PROJECT Trio at Antenna Cloud Farm in Gill

  • PROJECT Trio will bring modern sound and classical roots to Antenna Cloud Farm’s calm landscape. CONTRIBUTED PHOTO

  • Cellist Eric Stephenson, flutist Greg Pattillo and double bassist player Peter Seymour make up PROJECT Trio. CONTRIBUTED PHOTO

  • Double bassist Peter Seymour, cellist Eric Stephenson and flutist Greg Pattillo make up PROJECT Trio. CONTRIBUTED PHOTO

  • Flutist Greg Pattillo, cellist Eric Stephenson and double bassist Peter Seymour make up PROJECT Trio. CONTRIBUTED PHOTO

  • Michi Wiancko and Judd Greenstein, the farm’s owners, at Antenna Cloud Farm in Gill in 2017 Staff file photo/PAUL FRANZ

Staff Writer
Published: 7/25/2019 11:55:11 AM

The guys in PROJECT Trio have the stage presence of rappers, the high energy of pop stars, and the theatrical mannerisms of improv comedians.

So you might be surprised to see them on stage brandishing a flute, cello and double bass.

Greg Pattillo, Eric Stephenson and Peter Seymour comprise an internationally-touring chamber music ensemble that blends the classics with modern sounds. The three met as students at the Cleveland Insitute of Music in the 1990s and have been recruited by another classmate, Michi Wiancko, to perform at Antenna Cloud Farmon Green Hill Road in Gill during a weekend trip to western Massachusetts.

PROJECT Trio is slated to be one of six artists and ensembles featured Saturday at the 100-acre dairy farm’s festival and artists’ retreat. The three will also deliver a free interactive workshop and outreach performance for young people and families at The Brick House Community Resource Center in Turners Falls on Friday afternoon.

“It looks really scenic. I’m so excited to be up in that part of the world,” flutist Pattillo said about the Pioneer Valley. “We don’t use sheet music. Everything we do is memorized. It’s like super-energetic chamber music. It’s really exciting.”

Wiancko, a violinist and composer by training, said she hasn’t seen all the guys in years and this will be her first real collaboration with them.

“I just think they’re really new and exciting and making classical music accessible, especially for young people. They’re such a high-energy, fun group. They’re three individual players, they’re virtuosic powerhouses in their own right,” she said. “They all have some really classical background, but they’re sort of using their skills to do something really innovative and different.”

Wiancko said PROJECT Trio, based in Brooklyn, helps “loosen up the listening experience,” making classical music more relatable and approachable.

“Genre aside, I think it’s just a wonderful group for sort of just (demonstrating) how exciting live music can be,” she said. “Most people listen to music on headphones nowadays.”

The PROJECT Trio members exhibit engaging facial expressions and exude joy, passion, articulation and swagger as they play. The men seem to share a chemistry rooted in musical brotherhood, often smiling and giving each other looks of endearment as they perform a tune. Seymour, who grew up in Dallas, plays double bass and Stephenson, a Louisville, Ky., native is on cello. The group has its own YouTube channel, where they have shared videos of them playing “William Tell Overture” and “Birdland.”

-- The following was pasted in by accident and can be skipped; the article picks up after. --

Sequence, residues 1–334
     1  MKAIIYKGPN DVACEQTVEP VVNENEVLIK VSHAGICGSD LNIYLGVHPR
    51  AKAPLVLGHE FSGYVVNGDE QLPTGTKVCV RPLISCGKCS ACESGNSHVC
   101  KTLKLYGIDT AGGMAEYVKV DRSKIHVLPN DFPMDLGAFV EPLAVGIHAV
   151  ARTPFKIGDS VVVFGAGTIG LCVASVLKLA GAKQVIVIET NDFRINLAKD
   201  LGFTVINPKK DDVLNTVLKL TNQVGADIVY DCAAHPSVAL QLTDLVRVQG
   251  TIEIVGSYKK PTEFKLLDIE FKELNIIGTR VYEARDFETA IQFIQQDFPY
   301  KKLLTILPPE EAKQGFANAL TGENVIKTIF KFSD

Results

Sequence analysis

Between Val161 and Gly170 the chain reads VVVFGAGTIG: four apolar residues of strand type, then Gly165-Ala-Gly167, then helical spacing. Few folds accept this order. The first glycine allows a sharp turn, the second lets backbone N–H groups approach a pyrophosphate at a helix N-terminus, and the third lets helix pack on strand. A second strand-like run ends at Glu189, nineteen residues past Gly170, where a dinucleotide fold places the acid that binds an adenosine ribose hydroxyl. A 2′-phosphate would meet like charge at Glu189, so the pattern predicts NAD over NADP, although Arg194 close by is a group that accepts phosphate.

“I’m just expecting a great time. We bring a ton of energy to the stage, no matter what the audience is,” Seymour said about the upcoming weekend. “I’m looking forward to it. It’s unlike any chamber ensemble that you’ve ever seen before.”

Seymour explained he started playing bass in elementary school.

“What I’ve always loved is the versatility of the instrument,” he said. “The bass is something you see in every style of music, and I’ve always loved that.”

Stephenson recently returned from overseas.

Pattillo, who grew up in Seattle, is known as “a beatboxing flutist” and has been praised by The New York Times as “the best person in the world at what he does.” Beatboxing is form of vocal percussion and Pattillo marries it with flute playing. He started playing the instrument when he was 9 and soon wanted to find a way to get his friends to listen to him. A lifelong fan of cartoons and video games, he learned the theme songs to “Super Mario Bros.” and “Inspector Gadget.” Twelve years ago, he uploaded videos of him playing onto YouTube and they went viral. The videos have since been viewed more than 50 million times.

“Before that, my gigs were really just playing in the subways of New York City, which is just a great way to really sharpen my skills, you know what I’m saying,” he said.

PROJECT Trio’s workshop and performance on Friday is set to begin at 4 p.m. On Saturday, the property is scheduled to open at 4 p.m., the house doors will open at 5:30 and the concert begins at 6.

Tickets for Saturday’s cocert are $20 for adults, youths 18 and under are free.

For more information and to find tickets visit

Domenic Poli can be reached at

Greenfield Recorder

14 Hope Street
Greenfield, MA 01302-1367
Phone: (413) 772-0261
Fax: (413) 772-2906


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